I seem to remember that the board game itself was manufactured by MB Games, a company whose name I had seen many times before on countless other kid’s toys. But there was something in one of the rule books that intrigued me. These fascinated me, with their dark sword and sorcery paintings, the like of which I’d only seen on fantastical book covers in libraries, but had never really owned myself. But it was a statement at the end of one these, amongst the copyright indicia, which intrigued me. The fact that MB hadn’t originated the game itself, but in conjunction with another company. I thought nothing of this for almost a year, until it came to my attention that the partnership were offering a second collaboration. That game was Space Crusade. The company? Games Workshop. I shudder at its name now, but it was to become an obsession of mine for nigh on three years . . .


October 28th, 2005 by

Did some cycling today for the first time in I don’t know how many years. Felt odd to be on a bike again after so long without, but all the old instincts came back pretty quickly. First time that I’d ridden in a city since the ‘incident’, which I’ll likely touch on in greater detail in A History of Collecting within the next month or so. Despite the saddle being a bit high for me (odd considering my towering height), the perpetual drizzle and not noticing the presence of gears until over halfway through my journey, the ride was surprisingly enjoyable. And it wasn’t a girl’s bike. It just happened to be pink and the top bar was coincidentally a bit on the low side. But it wasn’t a girl’s bike. Though I did borrow it from a girl.


October 27th, 2005 by

Switched the computer on almost three hours ago, planning to write something. Have spent the hours since then playing Spider Solitaire. I am crap.

No, not the one out of Jamiroquai . . .

October 26th, 2005 by

This is what they call her in the Czech Republic. Well, I thought it was amusing.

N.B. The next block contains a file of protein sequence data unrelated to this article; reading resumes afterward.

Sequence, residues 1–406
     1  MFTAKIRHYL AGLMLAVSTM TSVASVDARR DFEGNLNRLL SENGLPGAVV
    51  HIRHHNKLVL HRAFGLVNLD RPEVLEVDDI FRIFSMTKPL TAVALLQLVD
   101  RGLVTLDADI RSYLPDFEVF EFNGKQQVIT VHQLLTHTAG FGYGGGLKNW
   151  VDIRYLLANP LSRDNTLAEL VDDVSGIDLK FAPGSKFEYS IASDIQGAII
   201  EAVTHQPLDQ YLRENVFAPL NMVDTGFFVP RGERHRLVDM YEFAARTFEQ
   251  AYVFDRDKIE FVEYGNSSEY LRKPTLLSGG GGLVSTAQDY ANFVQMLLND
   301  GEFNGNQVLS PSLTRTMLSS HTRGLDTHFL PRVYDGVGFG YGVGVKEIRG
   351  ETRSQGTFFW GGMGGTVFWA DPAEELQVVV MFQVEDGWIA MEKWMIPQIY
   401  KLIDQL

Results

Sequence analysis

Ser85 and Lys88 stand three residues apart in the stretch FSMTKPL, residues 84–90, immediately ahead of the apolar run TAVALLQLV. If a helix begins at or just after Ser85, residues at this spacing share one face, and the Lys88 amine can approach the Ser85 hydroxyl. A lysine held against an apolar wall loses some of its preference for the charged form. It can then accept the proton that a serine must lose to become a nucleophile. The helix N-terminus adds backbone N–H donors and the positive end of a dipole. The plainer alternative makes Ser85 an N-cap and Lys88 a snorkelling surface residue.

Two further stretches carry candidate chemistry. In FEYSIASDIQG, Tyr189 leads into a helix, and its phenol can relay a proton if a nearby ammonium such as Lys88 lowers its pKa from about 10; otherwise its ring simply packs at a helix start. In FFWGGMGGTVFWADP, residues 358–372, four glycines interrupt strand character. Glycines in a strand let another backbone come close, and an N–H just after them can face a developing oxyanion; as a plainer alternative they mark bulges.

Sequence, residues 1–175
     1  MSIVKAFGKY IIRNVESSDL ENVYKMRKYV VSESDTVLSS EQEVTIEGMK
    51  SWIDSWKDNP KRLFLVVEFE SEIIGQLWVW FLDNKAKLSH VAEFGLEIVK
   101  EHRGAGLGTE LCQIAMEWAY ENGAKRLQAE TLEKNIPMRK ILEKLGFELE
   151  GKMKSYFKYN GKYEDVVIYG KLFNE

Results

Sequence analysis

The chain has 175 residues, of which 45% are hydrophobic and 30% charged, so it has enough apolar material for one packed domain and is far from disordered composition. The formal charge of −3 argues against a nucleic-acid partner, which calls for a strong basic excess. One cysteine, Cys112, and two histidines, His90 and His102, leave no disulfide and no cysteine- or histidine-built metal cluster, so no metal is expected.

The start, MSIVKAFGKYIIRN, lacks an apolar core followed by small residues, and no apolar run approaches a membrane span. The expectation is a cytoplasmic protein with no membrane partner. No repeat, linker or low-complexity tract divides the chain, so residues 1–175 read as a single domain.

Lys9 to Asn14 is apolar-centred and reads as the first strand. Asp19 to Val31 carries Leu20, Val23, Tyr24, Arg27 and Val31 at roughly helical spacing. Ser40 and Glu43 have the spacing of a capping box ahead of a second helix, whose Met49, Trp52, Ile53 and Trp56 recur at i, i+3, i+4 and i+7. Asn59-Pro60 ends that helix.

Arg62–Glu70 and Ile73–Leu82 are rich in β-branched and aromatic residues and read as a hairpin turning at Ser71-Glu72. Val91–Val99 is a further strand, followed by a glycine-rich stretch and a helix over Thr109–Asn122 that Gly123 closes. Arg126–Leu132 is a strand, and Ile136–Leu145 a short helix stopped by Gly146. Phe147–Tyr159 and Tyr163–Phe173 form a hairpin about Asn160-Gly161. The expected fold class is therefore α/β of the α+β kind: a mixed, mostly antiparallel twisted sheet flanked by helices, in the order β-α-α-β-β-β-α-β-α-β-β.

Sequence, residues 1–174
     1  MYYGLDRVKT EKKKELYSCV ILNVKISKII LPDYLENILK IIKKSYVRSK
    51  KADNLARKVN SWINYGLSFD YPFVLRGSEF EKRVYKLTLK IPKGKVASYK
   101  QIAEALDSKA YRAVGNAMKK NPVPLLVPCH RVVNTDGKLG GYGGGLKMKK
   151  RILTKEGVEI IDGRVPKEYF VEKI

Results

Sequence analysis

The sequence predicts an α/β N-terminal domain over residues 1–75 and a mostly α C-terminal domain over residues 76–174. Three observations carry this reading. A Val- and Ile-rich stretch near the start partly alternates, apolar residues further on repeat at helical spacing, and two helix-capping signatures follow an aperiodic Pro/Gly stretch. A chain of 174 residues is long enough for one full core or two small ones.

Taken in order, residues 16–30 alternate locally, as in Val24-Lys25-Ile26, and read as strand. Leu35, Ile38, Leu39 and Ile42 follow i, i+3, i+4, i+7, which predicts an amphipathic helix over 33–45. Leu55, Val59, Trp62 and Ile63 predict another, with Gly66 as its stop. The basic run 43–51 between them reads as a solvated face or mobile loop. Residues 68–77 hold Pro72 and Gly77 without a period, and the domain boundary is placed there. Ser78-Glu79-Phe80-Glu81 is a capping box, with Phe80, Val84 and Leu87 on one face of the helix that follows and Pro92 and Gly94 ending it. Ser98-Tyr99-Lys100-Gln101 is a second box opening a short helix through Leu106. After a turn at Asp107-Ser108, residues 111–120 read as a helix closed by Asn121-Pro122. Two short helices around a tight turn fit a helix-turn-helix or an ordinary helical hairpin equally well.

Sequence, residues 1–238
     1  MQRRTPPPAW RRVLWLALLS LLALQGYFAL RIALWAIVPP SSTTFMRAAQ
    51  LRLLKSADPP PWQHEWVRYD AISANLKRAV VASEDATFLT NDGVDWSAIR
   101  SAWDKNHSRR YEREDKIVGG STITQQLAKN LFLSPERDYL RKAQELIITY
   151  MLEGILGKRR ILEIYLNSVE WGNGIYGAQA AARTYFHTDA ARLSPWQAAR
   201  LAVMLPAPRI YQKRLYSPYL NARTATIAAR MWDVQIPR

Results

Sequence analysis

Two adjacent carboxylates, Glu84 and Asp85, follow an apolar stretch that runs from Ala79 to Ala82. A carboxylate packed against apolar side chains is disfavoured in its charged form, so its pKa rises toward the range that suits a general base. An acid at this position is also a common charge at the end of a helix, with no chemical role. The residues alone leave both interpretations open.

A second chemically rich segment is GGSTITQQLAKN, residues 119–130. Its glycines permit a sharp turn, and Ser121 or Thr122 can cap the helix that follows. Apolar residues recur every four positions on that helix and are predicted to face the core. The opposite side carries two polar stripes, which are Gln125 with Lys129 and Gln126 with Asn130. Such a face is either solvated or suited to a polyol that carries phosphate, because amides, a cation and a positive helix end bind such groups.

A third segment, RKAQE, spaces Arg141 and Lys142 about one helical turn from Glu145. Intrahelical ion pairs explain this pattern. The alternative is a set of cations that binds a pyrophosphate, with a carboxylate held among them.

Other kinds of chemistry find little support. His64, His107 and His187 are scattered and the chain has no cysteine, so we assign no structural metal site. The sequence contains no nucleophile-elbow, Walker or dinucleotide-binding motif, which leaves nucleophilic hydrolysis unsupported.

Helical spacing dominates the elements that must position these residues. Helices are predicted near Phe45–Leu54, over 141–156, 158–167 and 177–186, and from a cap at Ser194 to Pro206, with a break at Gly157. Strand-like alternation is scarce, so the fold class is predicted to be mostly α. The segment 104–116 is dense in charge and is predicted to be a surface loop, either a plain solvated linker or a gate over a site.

Dear God, NO!

October 24th, 2005 by

The horror, the horror.


October 23rd, 2005 by

Lodger does actually feature ‘Boys Keep Swinging’, which was and is quite well known and was almost certainly a single. I’d only listened to half the album when I wrote the last post and hadn’t got to it by then. Plus I thought it was called ‘When you’re a Boy’. That’s how the bit in the chorus with the harmonies goes, so it seemed sort of logical. Anyway, I admit fallibility. That’s not going to happen very often. Next Sunday – the possible return of a feature I’ve not touched on for far too long . . .

Reapp – no, that’s a shit name

October 20th, 2005 by

Three days in a row? My adorability must be on a downward spiral. I was listening to Bowie’s Lodger album earlier today. It is an odd beast. It was the album that came after his last truly great piece of work (not including the twenty first century recordings, which have their moments, but I’m discounting here for the sake of ease) “Heroes” and just before his first ‘only partially listenable’ album, Scary Monsters. I think that pretty much all of the material that followed that flawed little entity during the eighties and nineties can be pretty much ignored – something I have successfully managed for some time now. Especially Let’s Dance. I should also add that every album before it is glorious and an essential addition to anyone claiming to have musical taste’s collection. That’s what makes Lodger all the odder. Unlike any of his albums before it (with the possible exception of Pin Ups, but that was all covers) it doesn’t contain any hit singles. Perhaps one of them was when it was originally released, but there’s nothing on it that has had as much radio play in the intervening years as any taken from his previous releases. Even Low had Sound And Vision, and half of that’s bloody instrumentals! Which is a bit of a shame as some of the stuff on Lodger isn’t all that bad. Granted, you can hear the eighties rut encroaching in places, but the sound is more akin to his seventies output and nowhere near as cringe worthy as Scary Monsters’ synthscapes. It’s possible that it has something to do with Eno’s influence on proceedings. It was the last of the trio of albums they collaborated on and, if memory serves, the least commercially successful of the three. Certainly Eno’s alchemical ability to turn shit into gold could be the grace that saved it from sounding like the proto Tin Machine of Bowie’s early eighties career, but I think that a lot of the tunes hold up to some level of scrutiny. Plus I think that Madness nicked a bit out of one song for Uncle Sam. Perhaps it does sound a bit more eightiesish than I’ve been making out. Is there a point to any of this? No, not really, just thought that I’d share.